Grand Traverse region’s wine grape production significantly down in 2014
The 2014 wine grape crop is short, but wineries will still have a good inventory on hand for the coming sales year.
September 11, 2014 - Author: Duke Elsner, Michigan State University Extension
It is going to be a very different sort of harvest season for Michigan grape growers and in particular, for the Grand Traverse region’s grape growers this year. This is due to the extreme cold weather of last winter and the cool and wet growing season that followed. Thanks to the now infamous Polar Vortex, many European grape varieties grown in the area were severely injured. These include Riesling, Chardonnay, Pinot Noir, Cabernet Franc and many more popular vinifera varieties. These are typically marketed as “varietal” wines, with the variety name emphasized on the labels. At the very best, some of these may produce about a third of a normal crop, but there is almost no crop to be harvested in many vineyards.
Fortunately, the growers in our area also grow a large quantity of hybrid grape varieties, which generally fared much better this year. The hybrids typically have some North American parentage in their breeding lines, which imparts far better tolerance to winter temperatures. The variety names are not well known to the average wine consumer – Vignoles, Seyval, Traminette and Baco Noir to name a few. These varieties are used to make very good “generic” wines, not sold under the specific variety name. These are popular with consumers and very important to the production, sales and cash flow of our wineries. Many of these are carrying a full crop this year. (See “Cold hardy grape wines: They tried it, and liked it!” by Michigan State University Extension.)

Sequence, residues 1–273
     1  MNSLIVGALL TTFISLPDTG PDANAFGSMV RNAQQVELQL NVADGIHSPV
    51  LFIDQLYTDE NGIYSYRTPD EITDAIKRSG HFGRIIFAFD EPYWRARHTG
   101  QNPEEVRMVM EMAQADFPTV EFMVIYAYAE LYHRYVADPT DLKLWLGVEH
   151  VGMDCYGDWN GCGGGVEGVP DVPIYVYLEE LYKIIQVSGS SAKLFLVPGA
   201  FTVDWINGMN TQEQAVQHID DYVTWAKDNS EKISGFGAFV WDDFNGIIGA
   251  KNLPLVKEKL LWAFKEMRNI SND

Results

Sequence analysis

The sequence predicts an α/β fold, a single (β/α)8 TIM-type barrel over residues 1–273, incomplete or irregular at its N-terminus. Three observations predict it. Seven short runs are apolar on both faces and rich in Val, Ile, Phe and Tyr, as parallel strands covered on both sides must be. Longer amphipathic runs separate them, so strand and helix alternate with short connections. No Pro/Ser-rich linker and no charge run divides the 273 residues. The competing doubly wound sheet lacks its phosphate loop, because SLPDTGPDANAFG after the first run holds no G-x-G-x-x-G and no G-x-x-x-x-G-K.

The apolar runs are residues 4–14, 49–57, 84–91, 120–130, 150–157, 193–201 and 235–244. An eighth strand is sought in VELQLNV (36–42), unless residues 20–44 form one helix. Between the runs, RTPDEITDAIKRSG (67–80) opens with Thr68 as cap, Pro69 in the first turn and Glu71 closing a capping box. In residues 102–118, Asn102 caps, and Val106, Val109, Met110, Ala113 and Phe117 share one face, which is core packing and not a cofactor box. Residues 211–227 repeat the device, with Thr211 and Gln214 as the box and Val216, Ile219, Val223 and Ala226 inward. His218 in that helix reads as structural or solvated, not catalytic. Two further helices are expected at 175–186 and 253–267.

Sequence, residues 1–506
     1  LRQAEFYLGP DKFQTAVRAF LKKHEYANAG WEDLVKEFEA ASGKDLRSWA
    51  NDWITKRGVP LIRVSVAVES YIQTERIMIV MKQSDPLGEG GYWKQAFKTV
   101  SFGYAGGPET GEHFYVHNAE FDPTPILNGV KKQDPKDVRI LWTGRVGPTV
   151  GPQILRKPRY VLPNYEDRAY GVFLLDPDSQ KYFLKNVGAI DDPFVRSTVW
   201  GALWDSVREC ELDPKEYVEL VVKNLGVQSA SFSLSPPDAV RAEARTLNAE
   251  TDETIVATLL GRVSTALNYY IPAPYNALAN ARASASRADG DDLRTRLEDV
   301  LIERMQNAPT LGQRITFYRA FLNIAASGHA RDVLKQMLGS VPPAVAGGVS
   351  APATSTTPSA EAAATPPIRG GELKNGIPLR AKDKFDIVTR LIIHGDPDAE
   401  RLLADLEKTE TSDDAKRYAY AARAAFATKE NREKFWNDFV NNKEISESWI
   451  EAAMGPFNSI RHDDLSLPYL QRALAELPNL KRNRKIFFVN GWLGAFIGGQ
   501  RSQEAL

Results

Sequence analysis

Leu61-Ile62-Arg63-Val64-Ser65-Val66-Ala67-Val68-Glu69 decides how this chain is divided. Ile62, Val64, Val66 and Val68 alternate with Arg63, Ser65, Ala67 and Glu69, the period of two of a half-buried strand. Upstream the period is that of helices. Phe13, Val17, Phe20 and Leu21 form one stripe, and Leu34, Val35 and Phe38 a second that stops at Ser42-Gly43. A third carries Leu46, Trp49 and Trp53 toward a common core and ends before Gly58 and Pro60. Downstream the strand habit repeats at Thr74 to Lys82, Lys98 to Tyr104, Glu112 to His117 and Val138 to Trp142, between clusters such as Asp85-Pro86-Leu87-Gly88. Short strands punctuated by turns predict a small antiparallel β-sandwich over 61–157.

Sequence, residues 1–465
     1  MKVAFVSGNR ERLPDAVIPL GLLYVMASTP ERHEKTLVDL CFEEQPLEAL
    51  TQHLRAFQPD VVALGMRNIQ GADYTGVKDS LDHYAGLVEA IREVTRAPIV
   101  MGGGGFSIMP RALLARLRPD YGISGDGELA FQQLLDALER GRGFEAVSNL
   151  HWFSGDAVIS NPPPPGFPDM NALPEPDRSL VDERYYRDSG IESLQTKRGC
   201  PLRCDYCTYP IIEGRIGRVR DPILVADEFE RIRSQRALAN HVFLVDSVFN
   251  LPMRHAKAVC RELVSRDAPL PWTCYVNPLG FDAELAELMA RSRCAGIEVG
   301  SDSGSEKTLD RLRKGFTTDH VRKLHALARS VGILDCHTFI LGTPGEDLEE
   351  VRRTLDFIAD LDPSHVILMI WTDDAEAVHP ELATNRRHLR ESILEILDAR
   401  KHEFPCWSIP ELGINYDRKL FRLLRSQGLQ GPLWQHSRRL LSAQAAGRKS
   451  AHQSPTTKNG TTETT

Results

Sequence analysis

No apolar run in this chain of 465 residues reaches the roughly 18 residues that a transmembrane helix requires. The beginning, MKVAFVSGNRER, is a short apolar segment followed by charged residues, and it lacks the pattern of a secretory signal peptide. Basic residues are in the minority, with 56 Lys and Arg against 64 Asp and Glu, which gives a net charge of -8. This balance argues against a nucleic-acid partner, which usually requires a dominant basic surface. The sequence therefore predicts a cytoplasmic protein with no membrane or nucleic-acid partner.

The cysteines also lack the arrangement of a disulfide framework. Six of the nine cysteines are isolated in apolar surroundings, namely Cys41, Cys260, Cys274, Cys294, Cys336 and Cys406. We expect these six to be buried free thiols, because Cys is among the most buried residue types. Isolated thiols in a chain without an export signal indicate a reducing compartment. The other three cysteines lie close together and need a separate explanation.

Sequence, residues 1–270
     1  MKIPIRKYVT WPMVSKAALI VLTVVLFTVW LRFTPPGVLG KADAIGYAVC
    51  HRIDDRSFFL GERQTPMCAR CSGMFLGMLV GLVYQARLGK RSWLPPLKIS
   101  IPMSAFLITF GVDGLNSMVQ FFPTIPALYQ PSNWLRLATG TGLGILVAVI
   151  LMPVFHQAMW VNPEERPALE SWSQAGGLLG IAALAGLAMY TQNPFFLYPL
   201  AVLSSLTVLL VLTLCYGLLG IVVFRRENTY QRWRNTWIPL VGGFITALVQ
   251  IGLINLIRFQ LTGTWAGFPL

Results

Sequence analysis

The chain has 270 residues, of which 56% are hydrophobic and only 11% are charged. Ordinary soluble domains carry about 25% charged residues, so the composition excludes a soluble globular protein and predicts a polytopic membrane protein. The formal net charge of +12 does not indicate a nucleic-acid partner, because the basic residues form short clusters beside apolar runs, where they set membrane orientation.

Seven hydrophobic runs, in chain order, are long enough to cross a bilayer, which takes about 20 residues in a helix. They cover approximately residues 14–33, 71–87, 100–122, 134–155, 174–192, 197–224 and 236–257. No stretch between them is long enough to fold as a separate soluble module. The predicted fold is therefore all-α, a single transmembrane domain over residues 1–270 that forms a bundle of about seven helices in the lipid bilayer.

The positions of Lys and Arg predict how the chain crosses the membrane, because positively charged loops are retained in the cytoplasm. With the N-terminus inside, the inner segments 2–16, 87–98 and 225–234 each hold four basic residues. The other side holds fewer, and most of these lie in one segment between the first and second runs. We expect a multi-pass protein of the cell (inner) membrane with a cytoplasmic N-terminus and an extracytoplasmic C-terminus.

Wine consumers will not see an immediate impact on the availability of wines at the tasting rooms or other retail outlets as there is a significant lag time between the harvest of grapes and the final release of wines on the market. It takes close to a year to complete the processing of white wines; the ample 2013 white grape crop is currently being marketed and there is no shortage of inventory. Red wines may take several years after harvest to come to the market, so their inventory is also good for our local producers.
The short 2014 crop will likely be felt as a reduction in the European varietal white wine inventory in 2015 and a shortage of European varietal red wines in the 2016-2017 sales years. The production and inventory of generic white and red wines is not expected to be negatively impacted. The region’s wine industry will “weather the storm,” and keep offering excellent wines to satisfy fine wine enthusiasts.